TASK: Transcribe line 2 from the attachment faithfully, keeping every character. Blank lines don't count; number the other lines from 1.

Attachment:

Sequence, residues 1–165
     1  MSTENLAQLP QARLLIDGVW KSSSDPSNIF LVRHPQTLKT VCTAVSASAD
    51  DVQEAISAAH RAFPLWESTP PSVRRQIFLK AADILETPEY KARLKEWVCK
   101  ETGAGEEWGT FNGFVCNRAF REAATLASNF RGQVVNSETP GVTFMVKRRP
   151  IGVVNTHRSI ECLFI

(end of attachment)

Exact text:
     1  MSTENLAQLP QARLLIDGVW KSSSDPSNIF LVRHPQTLKT VCTAVSASAD